contents
Your weekly briefing on the state of 
humanity
SEE ALL ISSUES
EDITOR'S LETTER
A second third way?
NEWS FEATURE 1
How WannaCry took the world by storm
NEWS FEATURE 2
China pushes ahead with ambitious One Belt, One Road project
DIGEST AMERICAS
Who stands against narco violence in Mexico?
DIGEST EUROPE
Merkel takes a giant step towards a fourth term as chancellor
DIGEST EUROPE
In Berlin, Macron tests the waters for his European shake-up
DIGEST EUROPE
Ukraine takes its fight with Russia to social media
DIGEST ASIA-PACIFIC
North Korea inches closer to striking the US mainland
DIGEST AFRICA
Mass jailbreak frees Christian separatist leader in Kinshasa
DIGEST AFRICA
Tunisia: Protests return to the cradle of the Arab Spring
DIGEST MIDDLE EAST
Sesame science: A unifying force in the divided Middle East
DIGEST MIDDLE EAST
The high stakes of Iran’s presidential election
DIGEST MIDDLE EAST
Cholera deaths highlight Yemen’s plight
THE PICTURE
Praying with fire
GOOD NEWS
Brazil declares end of Zika public health emergency
Big Data platform to help farmers weather harsh climates
THE  INFOGRAPHIC
The cost of hacking
IN SCIENCE
3D printer creates ‘bionic skin’
IN MEDICINE
Did a stroke of bad luck put an end to the dinosaurs?
IN TECHNOLOGY
Are ‘Internet abortions’ safe?
www.theguardian.com
In limbo in Melilla: the young refugees trapped in Spain's African enclave
www.aljazeera.com
Connecting Iquitos: Building a road through the Amazon
www.theatlantic.com
Richard Spencer Was My High-School Classmate

De-extinction: Not such a mammoth task?

Genetics
See 23 more
Could woolly mammoths one day once again roam the earth?
The Print Collector/Getty Images
Could woolly mammoths one day once again roam the earth?
W hen Jurassic Park captured audiences’ imaginations back in 1993, the prospect of resurrecting long dead species seemed an impossible fantasy. You’re still unlikely to be chasing velociraptors away from your vegetable patch any time soon, but we could see woolly mammoths make a comeback… of sorts.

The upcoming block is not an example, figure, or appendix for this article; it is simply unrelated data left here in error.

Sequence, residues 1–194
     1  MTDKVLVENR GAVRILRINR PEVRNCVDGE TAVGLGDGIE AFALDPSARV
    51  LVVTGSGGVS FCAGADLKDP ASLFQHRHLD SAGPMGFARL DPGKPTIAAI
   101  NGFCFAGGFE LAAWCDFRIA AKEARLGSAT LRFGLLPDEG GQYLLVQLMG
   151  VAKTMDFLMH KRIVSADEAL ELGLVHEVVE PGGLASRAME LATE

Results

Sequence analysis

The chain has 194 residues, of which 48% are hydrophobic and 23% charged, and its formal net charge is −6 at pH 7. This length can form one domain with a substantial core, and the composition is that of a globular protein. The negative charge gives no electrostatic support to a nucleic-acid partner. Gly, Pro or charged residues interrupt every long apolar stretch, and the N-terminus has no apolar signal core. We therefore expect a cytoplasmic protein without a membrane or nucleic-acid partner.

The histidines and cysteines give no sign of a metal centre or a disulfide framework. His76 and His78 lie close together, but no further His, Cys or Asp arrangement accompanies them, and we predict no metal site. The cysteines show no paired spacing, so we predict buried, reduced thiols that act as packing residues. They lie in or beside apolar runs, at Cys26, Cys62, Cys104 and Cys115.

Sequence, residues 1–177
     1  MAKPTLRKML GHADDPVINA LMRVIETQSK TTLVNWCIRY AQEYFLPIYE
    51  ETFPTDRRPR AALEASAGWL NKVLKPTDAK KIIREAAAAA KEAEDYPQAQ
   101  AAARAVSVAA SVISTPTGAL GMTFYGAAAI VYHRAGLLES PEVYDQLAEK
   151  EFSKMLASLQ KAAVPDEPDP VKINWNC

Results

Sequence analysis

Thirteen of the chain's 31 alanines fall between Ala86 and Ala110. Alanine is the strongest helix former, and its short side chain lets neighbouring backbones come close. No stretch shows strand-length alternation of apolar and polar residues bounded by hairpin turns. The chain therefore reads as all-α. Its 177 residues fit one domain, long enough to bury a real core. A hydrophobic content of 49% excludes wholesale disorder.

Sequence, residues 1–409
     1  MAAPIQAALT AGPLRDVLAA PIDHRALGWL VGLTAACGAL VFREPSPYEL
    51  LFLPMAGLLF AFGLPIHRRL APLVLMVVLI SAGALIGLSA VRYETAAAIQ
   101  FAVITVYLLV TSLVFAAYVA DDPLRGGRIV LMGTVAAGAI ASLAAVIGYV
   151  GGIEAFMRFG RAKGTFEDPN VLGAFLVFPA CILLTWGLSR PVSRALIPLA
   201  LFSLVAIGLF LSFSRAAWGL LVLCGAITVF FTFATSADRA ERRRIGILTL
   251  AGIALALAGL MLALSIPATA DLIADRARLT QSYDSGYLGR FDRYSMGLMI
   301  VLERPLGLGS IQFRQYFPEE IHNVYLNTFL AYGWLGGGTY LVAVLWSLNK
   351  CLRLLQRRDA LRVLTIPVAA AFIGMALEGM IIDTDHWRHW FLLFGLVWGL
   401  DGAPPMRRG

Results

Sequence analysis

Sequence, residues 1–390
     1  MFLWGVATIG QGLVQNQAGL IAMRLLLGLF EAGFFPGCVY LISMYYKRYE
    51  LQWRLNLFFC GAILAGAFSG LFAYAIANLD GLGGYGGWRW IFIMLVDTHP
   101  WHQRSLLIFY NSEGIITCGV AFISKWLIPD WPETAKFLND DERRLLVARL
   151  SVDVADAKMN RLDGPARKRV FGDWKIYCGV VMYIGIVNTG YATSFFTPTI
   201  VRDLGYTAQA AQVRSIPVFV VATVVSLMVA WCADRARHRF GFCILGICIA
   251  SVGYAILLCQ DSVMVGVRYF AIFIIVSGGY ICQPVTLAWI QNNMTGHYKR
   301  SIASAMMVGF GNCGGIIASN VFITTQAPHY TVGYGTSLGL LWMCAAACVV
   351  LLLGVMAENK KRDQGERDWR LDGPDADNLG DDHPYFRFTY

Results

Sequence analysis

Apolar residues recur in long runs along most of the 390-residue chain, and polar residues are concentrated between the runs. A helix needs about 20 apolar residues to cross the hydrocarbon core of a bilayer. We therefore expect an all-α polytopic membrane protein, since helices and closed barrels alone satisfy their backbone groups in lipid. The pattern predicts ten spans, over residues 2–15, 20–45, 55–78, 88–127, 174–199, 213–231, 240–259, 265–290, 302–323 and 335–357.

The discovery of a well-preserved woolly mammoth specimen back in 2014 raised the possibility of creating a clone of the long extinct behemoth, a prospect beleaguered by ethical concerns. The Harvard team leading the de-extinction effort is now aiming to make an elephant-mammoth hybrid, and announced this week that a ‘mammophant’ embryo could be created within two years.
Using the gene-editing tool Crispr, the team is already making ‘edits’ to the genome of individual Asian elephant cells, while also evaluating which alterations were necessary for woolly mammoths to withstand the cold. “We already know about ones to do with small ears, subcutaneous fat, hair and blood, but there are others that seem to be positively selected,” said team leader George Church.
The project is still a long way off of creating a living mammophant, but birthing a hybrid animal could be achieved via an artificial womb, bypassing ethical concerns about experimenting on elephant surrogates and forcing them into difficult pregnancies. In fact, genetic editing could be good news for Asian elephants: one of the aims of the project is to produce an alternative future for the endangered species.
The other aim is perhaps more surprising: to help combat climate change. The mammophants could keep the tundra permafrost from melting, preventing the release of greenhouse gasses trapped underneath. “They keep the tundra from thawing by punching through snow and allowing cold air to come in,” said Professor Church. “In the summer they knock down trees and help the grass grow.”
As a report in Nature Climate Change this week outlined the extent to which global warming is threatening endangered species, it would be a strange turn of event for mammoths to return from the dead to help save the environment. Perhaps Jeff Goldblum was right: “Life, uh, finds a way.”
Tim Cross
The World Weekly
16 February 2017 - last edited 16 February 2017